Forage should constitute the bulk of your horse’s diet, but not all of it needs to be provided as long-stemmed forages like baled hay. Forage cubes and pellets are other options that may be beneficial for horses in different management situations.

Typically, hay cubes and pellets will only make up a small portion of a horse’s total forage intake. They are often used to provide additional energy and protein in a horse’s diet or as a low-sugar and low-starch feed alternative for metabolic horses.

However, in some cases, horses may be fed hay cubes and pellets in larger quantities to substitute for long-stem forage. For example, horses with respiratory issues, dental problems, or limited availability of suitable hay may need more of their diet supplied by these alternative forage sources.

Continue reading to learn more about the nutritional composition of forage cubes and pellets, benefits for horses, feeding considerations and sample diets that incorporate these feeds.

Forage Cubes and Pellets for Horses

Forage refers to edible plant material, primarily leaves and stems and excluding grains, that horses graze as their main source of nutrients. Forage provides essential fiber to support healthy digestive function and meet equine energy requirements.

In the equine diet, the most common forage sources include long-stemmed grasses and legumes (i.e. alfalfa) in the form of fresh pasture and hay.

However, hay cubes and pellets offer a convenient alternative to traditional forage sources. These compressed forms of hay are ideal for supplementing or completely substituting fresh pasture and baled hay, especially if the quality or quantity of available forage is limited.

Commercial forage cubes and pellets also allow for more precise dietary management, ensuring that horses are fed appropriate levels of sugar, starch and protein. Additionally, these processed forms of forage tend to have lower levels of respirable dust and are easier to chew for horses with dental issues.

Types of Hay Cubes and Pellets

Hay cubes and pellets come in many shapes and sizes, but their nutritional value primarily depends on the type of forage they are made of. Common grasses and legumes that are processed into pellets and cubes include:

  • Timothy
  • Orchard
  • Teff
  • Bermuda
  • Alfalfa

To produce hay cubes and pellets, the hay is first ground into smaller particles. For pellets, the hay is ground more finely than for cubes, resulting in a smaller average particle size. [1]

Hay pellets can be milled into varying sizes, including larger pellets measuring 3/8 to 1/2 inch (1 to 1.3 cm) and smaller pellets measuring about 1/4 inch (0.6 cm) in diameter.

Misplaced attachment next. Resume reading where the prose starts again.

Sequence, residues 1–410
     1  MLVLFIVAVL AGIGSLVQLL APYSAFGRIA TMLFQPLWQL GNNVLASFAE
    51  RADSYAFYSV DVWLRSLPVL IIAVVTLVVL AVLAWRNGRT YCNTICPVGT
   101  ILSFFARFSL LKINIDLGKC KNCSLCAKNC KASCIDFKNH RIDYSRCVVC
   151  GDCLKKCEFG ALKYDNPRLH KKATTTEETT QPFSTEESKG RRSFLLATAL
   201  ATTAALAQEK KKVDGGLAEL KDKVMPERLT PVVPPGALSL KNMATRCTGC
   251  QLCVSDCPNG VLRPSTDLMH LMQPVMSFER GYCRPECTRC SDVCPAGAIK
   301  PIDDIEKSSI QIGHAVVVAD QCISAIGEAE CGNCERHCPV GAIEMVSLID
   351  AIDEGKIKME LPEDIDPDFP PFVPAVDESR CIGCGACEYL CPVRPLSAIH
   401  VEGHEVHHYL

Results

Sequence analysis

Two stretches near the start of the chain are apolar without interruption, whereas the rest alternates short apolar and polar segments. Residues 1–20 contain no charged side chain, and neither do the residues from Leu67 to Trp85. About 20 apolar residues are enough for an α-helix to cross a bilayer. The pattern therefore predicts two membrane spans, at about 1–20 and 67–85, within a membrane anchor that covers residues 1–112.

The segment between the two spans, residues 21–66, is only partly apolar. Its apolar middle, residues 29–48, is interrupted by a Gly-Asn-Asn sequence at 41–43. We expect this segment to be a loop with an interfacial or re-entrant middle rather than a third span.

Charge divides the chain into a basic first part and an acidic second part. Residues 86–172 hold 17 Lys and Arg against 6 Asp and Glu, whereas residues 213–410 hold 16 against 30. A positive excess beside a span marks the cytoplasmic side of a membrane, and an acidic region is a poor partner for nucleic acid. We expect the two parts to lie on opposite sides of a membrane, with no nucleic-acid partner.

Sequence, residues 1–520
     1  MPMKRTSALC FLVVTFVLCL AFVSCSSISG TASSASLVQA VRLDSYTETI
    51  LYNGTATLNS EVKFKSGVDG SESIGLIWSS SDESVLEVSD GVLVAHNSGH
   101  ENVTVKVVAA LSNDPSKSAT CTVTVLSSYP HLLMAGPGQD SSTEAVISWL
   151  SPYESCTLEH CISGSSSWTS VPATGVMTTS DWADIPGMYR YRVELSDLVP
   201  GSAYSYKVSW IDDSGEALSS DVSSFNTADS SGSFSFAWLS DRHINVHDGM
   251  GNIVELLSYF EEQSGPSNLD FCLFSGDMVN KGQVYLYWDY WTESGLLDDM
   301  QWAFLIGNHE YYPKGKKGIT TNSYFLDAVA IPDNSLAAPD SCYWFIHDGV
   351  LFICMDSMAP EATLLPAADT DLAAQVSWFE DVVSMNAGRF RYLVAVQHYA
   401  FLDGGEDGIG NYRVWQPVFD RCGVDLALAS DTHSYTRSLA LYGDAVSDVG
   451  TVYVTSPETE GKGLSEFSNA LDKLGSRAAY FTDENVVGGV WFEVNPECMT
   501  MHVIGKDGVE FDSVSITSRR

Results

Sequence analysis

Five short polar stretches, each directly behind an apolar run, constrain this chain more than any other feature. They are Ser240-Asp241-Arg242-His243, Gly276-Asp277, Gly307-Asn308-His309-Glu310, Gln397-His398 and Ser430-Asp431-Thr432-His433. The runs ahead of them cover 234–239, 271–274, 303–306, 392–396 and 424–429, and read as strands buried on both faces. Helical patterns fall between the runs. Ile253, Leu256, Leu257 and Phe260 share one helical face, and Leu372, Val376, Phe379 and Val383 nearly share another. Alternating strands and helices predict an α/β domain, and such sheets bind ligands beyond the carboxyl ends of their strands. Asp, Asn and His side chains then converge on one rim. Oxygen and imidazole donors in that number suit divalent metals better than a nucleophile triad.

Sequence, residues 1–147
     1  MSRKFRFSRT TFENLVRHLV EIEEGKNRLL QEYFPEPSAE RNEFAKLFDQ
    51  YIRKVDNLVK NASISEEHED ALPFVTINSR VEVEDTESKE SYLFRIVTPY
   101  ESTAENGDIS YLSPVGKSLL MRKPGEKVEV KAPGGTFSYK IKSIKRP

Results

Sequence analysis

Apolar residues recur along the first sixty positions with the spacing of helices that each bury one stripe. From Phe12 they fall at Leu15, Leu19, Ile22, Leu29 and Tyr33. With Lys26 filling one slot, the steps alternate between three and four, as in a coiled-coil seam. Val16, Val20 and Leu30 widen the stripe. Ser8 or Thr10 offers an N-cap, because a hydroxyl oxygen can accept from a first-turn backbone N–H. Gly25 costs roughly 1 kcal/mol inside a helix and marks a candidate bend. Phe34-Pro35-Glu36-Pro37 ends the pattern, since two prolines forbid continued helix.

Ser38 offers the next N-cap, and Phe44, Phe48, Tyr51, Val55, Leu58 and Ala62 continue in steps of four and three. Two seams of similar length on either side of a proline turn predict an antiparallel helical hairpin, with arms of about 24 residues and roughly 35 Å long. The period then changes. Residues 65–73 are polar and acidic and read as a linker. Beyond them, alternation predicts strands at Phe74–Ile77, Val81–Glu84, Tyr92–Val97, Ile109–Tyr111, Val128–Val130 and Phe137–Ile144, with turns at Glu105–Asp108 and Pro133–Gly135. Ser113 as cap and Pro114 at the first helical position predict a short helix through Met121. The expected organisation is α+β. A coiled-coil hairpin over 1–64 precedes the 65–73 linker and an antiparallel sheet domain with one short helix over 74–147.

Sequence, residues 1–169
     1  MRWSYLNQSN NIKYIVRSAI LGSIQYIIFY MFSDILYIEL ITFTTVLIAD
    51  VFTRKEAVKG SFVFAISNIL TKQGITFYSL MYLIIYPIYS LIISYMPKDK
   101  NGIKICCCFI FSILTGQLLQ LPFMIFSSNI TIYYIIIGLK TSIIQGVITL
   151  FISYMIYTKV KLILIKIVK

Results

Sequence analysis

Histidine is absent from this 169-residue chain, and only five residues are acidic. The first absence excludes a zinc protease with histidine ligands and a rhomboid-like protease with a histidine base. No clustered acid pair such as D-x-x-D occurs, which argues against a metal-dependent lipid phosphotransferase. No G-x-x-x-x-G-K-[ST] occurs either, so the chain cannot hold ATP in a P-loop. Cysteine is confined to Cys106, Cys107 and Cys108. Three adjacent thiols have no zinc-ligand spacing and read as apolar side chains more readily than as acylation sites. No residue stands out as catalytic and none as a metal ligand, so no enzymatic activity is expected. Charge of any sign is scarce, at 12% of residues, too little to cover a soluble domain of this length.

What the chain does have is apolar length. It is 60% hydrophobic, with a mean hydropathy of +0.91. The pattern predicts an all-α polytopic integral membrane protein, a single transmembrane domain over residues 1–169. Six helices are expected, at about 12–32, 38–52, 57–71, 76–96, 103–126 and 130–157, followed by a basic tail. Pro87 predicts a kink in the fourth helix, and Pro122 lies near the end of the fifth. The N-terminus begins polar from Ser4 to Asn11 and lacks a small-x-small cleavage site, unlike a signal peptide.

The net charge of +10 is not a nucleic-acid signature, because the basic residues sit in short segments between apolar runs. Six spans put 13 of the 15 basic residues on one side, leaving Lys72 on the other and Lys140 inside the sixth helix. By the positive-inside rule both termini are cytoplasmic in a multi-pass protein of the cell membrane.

Hay cubes are typically 1.25 inches square (3 cm2) and range from 2 to 3 inches (5 to 7 cm) in length. [1]

Nutritional Composition

The nutritional composition of forage cubes and pellets directly depends on the type of forage from which they are made. Different forage products serve different purposes and can be chosen based on the individual needs of the horse. [1][2][3]

  • Alfalfa: In general, alfalfa cubes and pellets have higher energy and protein levels compared to grass hay and pellets. Alfalfa is recommended for horses with elevated energy and protein needs such as growing horses, mares in the late stages of pregnancy and early lactation, and performance horses.
  • Grass Hay: Grass hay cubes and pellets have lower energy and protein density compared to alfalfa. They are useful as carriers for feeds and supplements in diets for horses at maintenance or those in lighter exercise loads.

Some forage cubes and pellets are fortified with added ingredients, such as vitamins and minerals, to enhance their nutritional value for horses. Fortified cubes and pellets are typically designed to replace all or most of a horse’s concentrate and forage rations.

However, most forage products are unfortified, providing a nutritional profile similar to the grasses they comprise. [1][2] When feeding unfortified forages, it is important to provide additional vitamin and mineral supplementation to ensure the horse’s diet is balanced and nutritional requirements are met. [3]

Average Nutrient Composition of Forage Cubes and Pellets

Nutrient Unfortified Timothy
Unfortified Alfalfa
Fortified Timothy
Digestible Energy 2.0 Mcal/kg 2.38 Mcal/kg 2.0 Mcal/kg
Crude Protein 9%